- Varied Spelling/Vocabulary Lists: Offer shorter or longer lists depending on aptitude, using more-advanced words to challenge kids who excel in this area. (DI Area: Content)
- Book Report Options: Give students a variety of ways to report back on the book they’ve read, including written papers, presentations, posters, skits, and more. Find 40+ book report ideas here. (DI Area: Process)
- Writing Tools: If handwriting is a challenge, explore options like special pencil grips or try one of these easy hacks. When handwriting isn’t the learning goal, offer kids options like oral responses or typing instead. (DI Areas: Process, Product)
- Reading Spaces: Provide spaces in your classroom where students can get comfortable while they read. Vary the lighting, seating, and noise levels to create areas for different styles. See some of our favorite reading nooks here. (DI Area: Learning Environment)
- Diverse Materials: Ensure your reading choices include diverse and multicultural characters, settings, and authors. (DI Area: Content)
- Flexible Groups: Instead of leaving students in the same-leveled reading groups at all times, mix up your groupings by interest, readiness, or learning styles. (DI Area: Learning Environment)
- Writing Conferences: Meet with students individually to identify strengths and challenges. Or try peer writing groups that partner stronger writers with those who need more help. (DI Areas: Process, Learning Environment)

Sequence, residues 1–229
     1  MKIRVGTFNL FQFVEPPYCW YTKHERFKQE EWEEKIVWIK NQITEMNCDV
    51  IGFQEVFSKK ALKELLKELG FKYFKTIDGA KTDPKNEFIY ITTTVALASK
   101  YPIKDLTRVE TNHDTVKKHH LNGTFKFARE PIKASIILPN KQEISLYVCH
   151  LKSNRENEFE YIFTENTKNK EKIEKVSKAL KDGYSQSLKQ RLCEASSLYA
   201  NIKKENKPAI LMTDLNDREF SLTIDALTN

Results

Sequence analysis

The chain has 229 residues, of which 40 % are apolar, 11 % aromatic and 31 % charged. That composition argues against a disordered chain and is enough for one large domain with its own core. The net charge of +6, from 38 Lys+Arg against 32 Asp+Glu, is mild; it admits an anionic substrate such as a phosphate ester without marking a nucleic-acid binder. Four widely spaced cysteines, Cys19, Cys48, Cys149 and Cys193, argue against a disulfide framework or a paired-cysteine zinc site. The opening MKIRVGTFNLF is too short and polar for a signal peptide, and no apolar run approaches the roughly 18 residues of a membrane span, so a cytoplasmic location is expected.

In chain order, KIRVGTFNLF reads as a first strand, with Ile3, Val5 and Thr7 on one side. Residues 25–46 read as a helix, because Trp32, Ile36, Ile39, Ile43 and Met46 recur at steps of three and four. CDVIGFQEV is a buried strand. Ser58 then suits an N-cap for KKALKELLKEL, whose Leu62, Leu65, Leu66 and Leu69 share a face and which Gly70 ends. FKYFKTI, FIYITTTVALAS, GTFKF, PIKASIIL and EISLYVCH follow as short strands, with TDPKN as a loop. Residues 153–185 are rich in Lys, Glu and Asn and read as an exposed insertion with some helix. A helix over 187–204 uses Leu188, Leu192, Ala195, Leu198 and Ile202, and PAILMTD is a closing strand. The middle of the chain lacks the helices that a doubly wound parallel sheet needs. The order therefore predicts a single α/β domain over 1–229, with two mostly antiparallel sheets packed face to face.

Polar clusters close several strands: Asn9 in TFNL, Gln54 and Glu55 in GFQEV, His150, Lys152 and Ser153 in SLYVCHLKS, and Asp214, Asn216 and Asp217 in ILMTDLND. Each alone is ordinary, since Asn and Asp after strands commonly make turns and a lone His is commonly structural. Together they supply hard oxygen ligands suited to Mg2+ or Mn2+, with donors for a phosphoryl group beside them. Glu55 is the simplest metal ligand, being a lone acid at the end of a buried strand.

Math Differentiated Instruction Examples
- Manipulatives: These aren’t just for little kids! Make math manipulatives available to older students too, to help those who benefit from kinesthetic learning. (DI Area: Process)
- Evens or Odds: When giving homework assignments or practice worksheets, give students who need extra time the option to complete only the even or odd questions. This gives them effective practice but keeps them motivated. (DI Areas: Content, Process)
- Math Centers: Just like literacy centers, math centers let kids choose their pace and learning process. Try these 10 activities for secondary math centers. (DI Areas: Learning Environment, Process)
- Small Groups: After teaching a concept, put kids in small groups to tackle practice problems together. Many times, students will show each other new ways of learning that teachers might not think of. (DI Areas: Learning Environment, Process)
- Open-Ended Questions: Students think of math as having one cut-and-dried answer, but you can encourage more creative thinking with broader questions. Learn more from My Teaching Cupboard. (DI Areas: Process, Product)
- Math Books: We’re not talking about textbooks. Use storybooks with a math theme to engage reluctant learners. (DI Area: Process)
- Assessment Options: Give students different ways to demonstrate their knowledge, whether it’s answering flash cards out loud, writing an explanation of their solution methods, or drawing pictures to explain their thinking. (DI Areas: Product, Process)
- Real-Life Math: Whenever possible, use real examples to show kids why math matters. Money activities can be especially effective in engaging students. (DI Area: Process)